Since March 13, several communities in Nebraska have received historic rainfall along with damaging winds. Residents continue to work together as they recover from severe weather events. Flooding5.28.13.jpg

If you or someone you know was directly involved in this disaster, you probably have experienced a wide range of emotions. Like adults, young children may have difficulty expressing their feelings, which may lead to difficulties with coping and understanding their feelings. Young children may exhibit intense emotions and engage in challenging behaviors while others may have separation anxiety, bed-wetting or be very quiet.

In supporting young children with these different reactions and feelings, it is important for adults to remain calm and approach behaviors in a thoughtful way. Parents and childcare providers are in the best position to help young children cope. It is in our calm that children learn how to respond during difficult situations. A particularly engaging way to help young children understand their feelings and reactions is with storybook reading. Using children’s literature in an interactive way can help children heal by better understanding their experiences (Betzalel and Shechtman, 2010) and can improve their coping skills (Burns-Nader & Hernandez-Reif, 2016; Nicholson & Pearson, 2003; Pola & Nelson, 2014). Additionally, it provides the parent or caregiver with tools to increase their own understanding of how young children may experience traumatic events such as natural disasters.

books school stacked closed
Photo by Pixabay on

In response to the March 13 disasters, Nebraska Extension’s The Learning Child team created the Read for Resilience program. The team identified nine children’s books to support their coping and understanding feelings after experiencing a disaster, loss and/or grief. Then team members developed reading guides to accompany the books to provide parents and caregivers with age-appropriate probing questions to explore children’s thoughts and feelings. The guides also include suggested activities to further extend children’s ability to process their feelings and experiences.

Parents and caregivers of youth can receive up to five free books through this program (approximately a $100 value). To request a free book or to download a storybook guide, please visit, complete a short survey and select the book(s) which meets your child’s need. Holly Hatton-Bowers and Amy Napoli, assistant professors of child, youth and family studies and early childhood Extension specialists, are the lead organizers of this program. Team members include Lynn DeVries, Jaci Foged, Carrie Gottschalk, Lisa Poppe, Lee Sherry, Jackie Steffen, LaDonna Werth, Tasha Wulf, Karen Wedding and Kathleen Lodl.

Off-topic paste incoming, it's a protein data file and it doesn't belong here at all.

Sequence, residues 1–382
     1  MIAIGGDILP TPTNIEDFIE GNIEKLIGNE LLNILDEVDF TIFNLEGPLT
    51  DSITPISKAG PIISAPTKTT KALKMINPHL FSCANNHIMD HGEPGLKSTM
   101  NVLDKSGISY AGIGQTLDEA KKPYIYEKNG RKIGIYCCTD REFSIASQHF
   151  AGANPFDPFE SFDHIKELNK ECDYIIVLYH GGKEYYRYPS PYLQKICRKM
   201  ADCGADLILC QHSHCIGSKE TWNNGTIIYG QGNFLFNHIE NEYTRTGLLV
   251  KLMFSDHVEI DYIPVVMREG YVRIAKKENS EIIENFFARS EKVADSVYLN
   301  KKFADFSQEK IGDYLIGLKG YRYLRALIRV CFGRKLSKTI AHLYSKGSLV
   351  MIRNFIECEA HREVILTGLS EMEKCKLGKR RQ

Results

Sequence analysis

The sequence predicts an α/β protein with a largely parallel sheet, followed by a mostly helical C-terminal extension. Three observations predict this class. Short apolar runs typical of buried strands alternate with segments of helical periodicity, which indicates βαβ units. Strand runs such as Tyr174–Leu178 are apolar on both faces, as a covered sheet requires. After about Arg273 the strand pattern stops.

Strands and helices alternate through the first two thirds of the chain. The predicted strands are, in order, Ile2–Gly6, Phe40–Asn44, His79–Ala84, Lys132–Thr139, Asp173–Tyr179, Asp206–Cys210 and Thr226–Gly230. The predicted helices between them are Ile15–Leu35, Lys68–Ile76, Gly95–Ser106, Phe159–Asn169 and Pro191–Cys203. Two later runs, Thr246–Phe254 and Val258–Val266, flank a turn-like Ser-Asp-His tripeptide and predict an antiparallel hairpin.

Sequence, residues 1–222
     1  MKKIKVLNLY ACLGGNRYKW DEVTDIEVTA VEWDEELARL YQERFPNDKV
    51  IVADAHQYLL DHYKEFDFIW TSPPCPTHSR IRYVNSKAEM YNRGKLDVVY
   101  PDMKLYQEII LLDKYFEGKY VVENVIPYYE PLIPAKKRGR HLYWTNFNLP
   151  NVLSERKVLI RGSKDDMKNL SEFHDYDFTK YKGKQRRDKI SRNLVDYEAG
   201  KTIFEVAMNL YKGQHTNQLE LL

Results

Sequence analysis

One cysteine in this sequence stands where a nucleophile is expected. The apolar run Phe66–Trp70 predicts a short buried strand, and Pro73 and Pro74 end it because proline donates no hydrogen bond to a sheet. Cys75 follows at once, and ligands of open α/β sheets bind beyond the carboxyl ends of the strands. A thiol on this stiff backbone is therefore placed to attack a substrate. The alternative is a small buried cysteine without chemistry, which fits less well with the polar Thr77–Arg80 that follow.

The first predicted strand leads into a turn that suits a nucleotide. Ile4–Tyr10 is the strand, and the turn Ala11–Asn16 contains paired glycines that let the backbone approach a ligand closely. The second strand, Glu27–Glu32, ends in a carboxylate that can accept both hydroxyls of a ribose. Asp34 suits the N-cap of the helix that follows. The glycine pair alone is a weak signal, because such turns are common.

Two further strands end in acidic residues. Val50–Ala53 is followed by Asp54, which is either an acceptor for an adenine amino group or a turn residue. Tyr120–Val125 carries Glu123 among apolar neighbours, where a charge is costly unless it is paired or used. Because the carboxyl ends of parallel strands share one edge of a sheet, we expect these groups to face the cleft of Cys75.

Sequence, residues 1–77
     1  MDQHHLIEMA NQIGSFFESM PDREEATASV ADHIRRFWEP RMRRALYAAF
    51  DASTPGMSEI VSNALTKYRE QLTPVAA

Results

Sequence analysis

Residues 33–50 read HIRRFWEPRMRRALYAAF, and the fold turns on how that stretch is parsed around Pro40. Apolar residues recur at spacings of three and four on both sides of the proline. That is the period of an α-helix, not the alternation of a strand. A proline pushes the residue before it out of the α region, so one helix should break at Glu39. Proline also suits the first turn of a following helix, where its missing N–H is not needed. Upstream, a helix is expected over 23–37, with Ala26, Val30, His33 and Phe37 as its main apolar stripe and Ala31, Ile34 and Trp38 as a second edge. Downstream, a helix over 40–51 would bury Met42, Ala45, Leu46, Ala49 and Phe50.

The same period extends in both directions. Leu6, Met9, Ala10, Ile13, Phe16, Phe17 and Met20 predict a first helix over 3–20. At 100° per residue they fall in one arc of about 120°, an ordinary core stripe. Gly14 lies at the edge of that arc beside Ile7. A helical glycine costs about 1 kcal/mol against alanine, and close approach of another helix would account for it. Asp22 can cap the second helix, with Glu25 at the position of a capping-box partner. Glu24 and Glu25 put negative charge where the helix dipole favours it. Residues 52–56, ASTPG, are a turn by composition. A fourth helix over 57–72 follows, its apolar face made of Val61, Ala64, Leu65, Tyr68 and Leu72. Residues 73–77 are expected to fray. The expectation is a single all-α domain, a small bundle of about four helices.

One person who requested books wrote, “Thank you, thank you for your support for our children! We have a 6-year-old daughter and a 2-year-old daughter. We have noticed through conversation and drawing with our 6-year-old that she has been affected by the flooding. The books will assist us greatly in helping our daughters understand the impact the flood has had on our family and reassurance that they are safe. I still have a picture that our 6-year-old drew of a child surrounded by water and she told me that she prayed for ‘all the flooding’ in school that day.”

To ensure that this program continues, The Learning Child team is accepting monetary donations which can be given through the 4-H Foundation. These donations will be used to purchase books so parents and caregivers receive them at no charge.

“We’re hoping Read for Resilience will empower caregivers of young children to support them as they cope and understand their feelings around loss or grief,” Hatton-Bowers said. “This is another way that Nebraska Extension will be there to help families and communities for the long haul.”

Source: Reading For Resilience Program, Jaci Foged, Nebraska Extension in Lancaster County.